4. Most of us have to prune from time to time. A “small pruning saw” is very handy for those times when the stem is too large for your pruners or loppers. I have a pruning saw that I use quite often. Some like to carry a small folding pruning saw for those days when they are pruning. A saw is usually necessary for my Lilac hedge, especially when I have large stems that don’t get pruned on schedule, like this spring after I had surgery.

          5. For those gardeners that like to start there own seeds inside, a “heat mat” is a very desirable gift. Most seeds need a temperature of about 65 to 70 degrees F. for good germination. Most of us do not have a location in the basement or garage that is that warm. When Gladys starts her seeds she has a shelf in her basement with a couple heat mats with lights hanging above. When the seeds germinate and then grow so they have at least two leaves, they need to be placed at a lower temperature of about 55 to 60 degrees F. Some seeds need to be started by late February such as Lisianthus. They are beautiful flowers and hard to start without a heat mat. Others should not be started until in April or they will be too large when ready and will get leggy.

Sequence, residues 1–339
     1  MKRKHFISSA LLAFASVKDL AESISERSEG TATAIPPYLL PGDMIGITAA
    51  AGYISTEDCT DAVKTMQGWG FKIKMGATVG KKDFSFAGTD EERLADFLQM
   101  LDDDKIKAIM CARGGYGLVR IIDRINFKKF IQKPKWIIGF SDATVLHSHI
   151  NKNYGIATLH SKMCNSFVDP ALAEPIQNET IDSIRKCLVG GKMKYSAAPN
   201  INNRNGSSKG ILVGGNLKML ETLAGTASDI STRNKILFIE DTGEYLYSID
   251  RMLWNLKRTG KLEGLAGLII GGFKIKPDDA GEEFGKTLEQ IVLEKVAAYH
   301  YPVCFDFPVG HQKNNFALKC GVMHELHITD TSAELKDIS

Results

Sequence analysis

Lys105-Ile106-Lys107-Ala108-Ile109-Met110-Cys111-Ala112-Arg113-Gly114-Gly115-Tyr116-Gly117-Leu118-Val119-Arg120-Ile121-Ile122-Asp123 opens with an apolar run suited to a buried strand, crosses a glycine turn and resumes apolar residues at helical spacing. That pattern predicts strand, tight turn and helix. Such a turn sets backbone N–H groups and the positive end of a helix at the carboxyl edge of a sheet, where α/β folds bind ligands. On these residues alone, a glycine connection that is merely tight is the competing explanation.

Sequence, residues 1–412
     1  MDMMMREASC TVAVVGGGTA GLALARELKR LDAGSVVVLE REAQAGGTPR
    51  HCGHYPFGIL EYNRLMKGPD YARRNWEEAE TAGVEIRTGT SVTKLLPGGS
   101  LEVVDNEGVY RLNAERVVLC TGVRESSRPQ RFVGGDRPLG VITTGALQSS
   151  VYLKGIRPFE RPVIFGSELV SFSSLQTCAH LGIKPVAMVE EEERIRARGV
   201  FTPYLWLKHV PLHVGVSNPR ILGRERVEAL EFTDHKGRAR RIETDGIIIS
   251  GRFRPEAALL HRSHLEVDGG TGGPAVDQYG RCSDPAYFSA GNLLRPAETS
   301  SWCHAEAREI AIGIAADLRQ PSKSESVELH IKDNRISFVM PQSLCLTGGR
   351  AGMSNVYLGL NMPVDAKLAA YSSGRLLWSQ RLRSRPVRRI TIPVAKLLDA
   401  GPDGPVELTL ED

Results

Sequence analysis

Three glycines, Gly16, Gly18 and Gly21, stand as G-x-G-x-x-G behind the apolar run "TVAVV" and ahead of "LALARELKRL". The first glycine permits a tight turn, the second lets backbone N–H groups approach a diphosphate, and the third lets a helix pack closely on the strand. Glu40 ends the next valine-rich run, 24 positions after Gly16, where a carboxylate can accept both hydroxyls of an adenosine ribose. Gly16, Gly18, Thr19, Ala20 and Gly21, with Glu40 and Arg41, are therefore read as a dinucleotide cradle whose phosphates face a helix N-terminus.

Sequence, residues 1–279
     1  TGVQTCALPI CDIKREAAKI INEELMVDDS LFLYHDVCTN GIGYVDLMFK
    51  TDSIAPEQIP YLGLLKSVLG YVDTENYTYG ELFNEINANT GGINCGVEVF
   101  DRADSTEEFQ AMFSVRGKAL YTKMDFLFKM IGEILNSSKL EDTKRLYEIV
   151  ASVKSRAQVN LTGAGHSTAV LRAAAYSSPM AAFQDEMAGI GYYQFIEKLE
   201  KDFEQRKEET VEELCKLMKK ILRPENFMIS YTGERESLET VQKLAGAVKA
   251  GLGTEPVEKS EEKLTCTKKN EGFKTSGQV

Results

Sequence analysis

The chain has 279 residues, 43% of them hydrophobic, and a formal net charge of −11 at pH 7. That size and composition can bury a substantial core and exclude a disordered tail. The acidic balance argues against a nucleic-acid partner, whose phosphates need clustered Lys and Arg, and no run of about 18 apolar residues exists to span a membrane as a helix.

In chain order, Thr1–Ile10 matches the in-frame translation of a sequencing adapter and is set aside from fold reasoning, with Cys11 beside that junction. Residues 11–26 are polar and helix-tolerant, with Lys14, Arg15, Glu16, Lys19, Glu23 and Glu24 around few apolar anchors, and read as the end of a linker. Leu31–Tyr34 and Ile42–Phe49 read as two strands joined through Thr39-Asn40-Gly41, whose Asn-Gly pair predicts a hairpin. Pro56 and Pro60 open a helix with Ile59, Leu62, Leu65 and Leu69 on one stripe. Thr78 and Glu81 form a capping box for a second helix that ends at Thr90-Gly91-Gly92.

6. The next suggestion goes with seed starting and growing plants indoors. “Plant Lights” are necessary when starting seeds indoors or, as mentioned above, to keep your plants from getting leggy. Leggy plants have thin stalks and do not have short and stocky stems like what we want to set out. For seed starting, placing your new seeds in a window, even a South window, is usually not enough light to keep them from getting leggy. I have not started my transplants for a few years. When I did, I set up fluorescent lights above a table in the basement. Expensive Gro-Lights are not needed. Get regular shop lights and hang them from chains so they can be raised and lowered as needed. Get one regular shop light bulb and one cool white light bulb. This will provide the needed light spectrum you need for starting and growing plants. The chains are needed as the lights should be about 4 inches above the top of your plant. This is also true for your houseplants that do not have sufficient light. For some small plants I used a fluorescent desk lamp and placed it on a book or a small stand so my houseplant got the light it needed.

          Most plants do not like to have the plant lights on for 24 hours. Plants need a rest to utilize the energy they got from “photosynthesis”. Photosynthesis is the scientific term used to explain what happens when plants utilize the light that falls onto the plant and turns it into useable energy. This happens when the plant light is on inside or the sunlight falls on the plant outside. The plant then utilizes that energy in the evening time as a time to grow. Without that rest period it struggles as you do when you don’t get your rest.

Copyright 2010